HEALTH CANADA  NEWS release – February 24, 2020

Health Minister tables Canada Health Act Annual Report in Parliament

The report is developed by the federal government in collaboration with provincial and territorial governments.

The Canada Health Act came into force in 1984 but effective April 2020 the new Diagnostic Services Policy will come into effect which aims to eliminate patient charges for medically necessary diagnostic services whether provided in a hospital or in a public or private clinic.  If a province or territory permits extra-billing or user charges, then a dollar-for-dollar deduction must be taken from that jurisdiction’s federal cash transfer.  For the first time, the provincial or territorial extra billings are shown in its financial statements.  To read the entire News Release, please go to:…/health-minister-patty-hajdu-tables-

To read the detailed report for your province or territory, please go to:…/canada-health-act-annual-report-201…



Health Canada announces funding to help people living with chronic pain

Chronic pain is a serious health issue that affects both the physical and mental health of too

many Canadians. The Government of Canada knows the importance of ensuring that people

living with pain have access to the care and support they need.  That’s why today,

on behalf of the Honourable Patty Hajdu, Minister of Health, Jim Carr,

Member of Parliament and Special Representative for the Prairies, announced

almost $3 million to improve access to care and services for people living with chronic pain.

Through Health Canada’s Substance Use and Addictions Program (SUAP), the University of Saskatchewan will receive $1.7-million to increase access to chronic pain services. Through this project, pharmacists will

receive special training to work with patients living with chronic pain. These pharmacists will provide ongoing advice and support, and ensure that patients have the information they need to use their pain medication safely.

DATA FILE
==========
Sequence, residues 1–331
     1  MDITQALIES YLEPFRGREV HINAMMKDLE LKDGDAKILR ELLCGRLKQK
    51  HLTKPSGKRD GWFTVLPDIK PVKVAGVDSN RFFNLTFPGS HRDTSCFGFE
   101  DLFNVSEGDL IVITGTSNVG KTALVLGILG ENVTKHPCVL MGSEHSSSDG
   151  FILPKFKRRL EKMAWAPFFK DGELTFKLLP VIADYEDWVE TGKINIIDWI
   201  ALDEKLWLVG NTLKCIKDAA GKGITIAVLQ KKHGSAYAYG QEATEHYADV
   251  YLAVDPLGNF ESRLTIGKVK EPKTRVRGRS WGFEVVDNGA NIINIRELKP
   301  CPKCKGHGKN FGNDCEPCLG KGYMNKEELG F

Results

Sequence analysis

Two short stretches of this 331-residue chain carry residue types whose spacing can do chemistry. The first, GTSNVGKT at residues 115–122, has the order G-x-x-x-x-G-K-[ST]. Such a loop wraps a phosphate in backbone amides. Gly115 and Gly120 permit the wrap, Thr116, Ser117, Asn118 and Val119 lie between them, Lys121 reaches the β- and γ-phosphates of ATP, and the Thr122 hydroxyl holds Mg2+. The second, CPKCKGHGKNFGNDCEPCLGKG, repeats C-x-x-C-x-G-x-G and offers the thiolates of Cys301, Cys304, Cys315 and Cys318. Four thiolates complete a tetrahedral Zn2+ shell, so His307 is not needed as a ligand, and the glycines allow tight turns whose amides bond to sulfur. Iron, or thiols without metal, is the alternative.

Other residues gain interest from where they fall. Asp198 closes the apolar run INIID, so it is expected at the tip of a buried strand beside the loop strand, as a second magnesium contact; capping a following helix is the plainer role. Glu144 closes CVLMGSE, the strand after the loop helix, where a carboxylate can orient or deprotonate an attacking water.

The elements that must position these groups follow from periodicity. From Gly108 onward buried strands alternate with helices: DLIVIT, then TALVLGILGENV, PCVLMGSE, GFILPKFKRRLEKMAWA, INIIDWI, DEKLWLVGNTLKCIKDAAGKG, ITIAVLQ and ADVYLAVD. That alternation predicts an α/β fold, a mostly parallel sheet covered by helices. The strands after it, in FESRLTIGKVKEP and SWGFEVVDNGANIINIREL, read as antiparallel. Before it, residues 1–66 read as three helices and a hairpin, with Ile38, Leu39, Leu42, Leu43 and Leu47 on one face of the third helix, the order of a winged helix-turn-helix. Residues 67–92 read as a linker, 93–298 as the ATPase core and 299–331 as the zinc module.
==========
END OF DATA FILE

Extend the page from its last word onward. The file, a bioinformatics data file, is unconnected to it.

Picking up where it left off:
Unintended harms: How CIHI is helping Canadians receive safer care

Health systems across the country continuously strive to make Canadian health care safer. Learn how we help these efforts through an interview with Yana Gurevich, manager of Health Indicators and Client Support, and Mélanie Josée Davidson, director of Health System Performance.




Dr. Alain Moreau's Update on IcanCME Research Network

In IMHA’s March 2020 newsletter,

Also, Call for Applications: IMHA Patient Engagement Research Ambassadors (PERA).

For details, and more articles of interest, please go to:…/216324dbc99b3bddfcbcf5042c8cfbc0b6…




In January, the WHO released ICD-10 Version: 2019. With ICD-11 on the horizon, this release will

be the final update for the WHO’s international version of ICD-10, apart from corrections and

exceptional additions.  In March 2016, a representative from the Canadian Institute

for Health Information submitted a request and supporting rationale to the ICD-10 Update and

Revision Committee (URC) for removal of the prefix “Benign” from

“Benign myalgic encephalomyelitis”.  This request for a change was

approved by the URC in September 2016 for implementation in the next release.



Development and validation of the Cambridge Multimorbidity Score

BACKGROUNDHealth services have failed to respond to the pressures of multimorbidity. Improved measures of multimorbidity are needed for conducting research, planning services and allocating resources.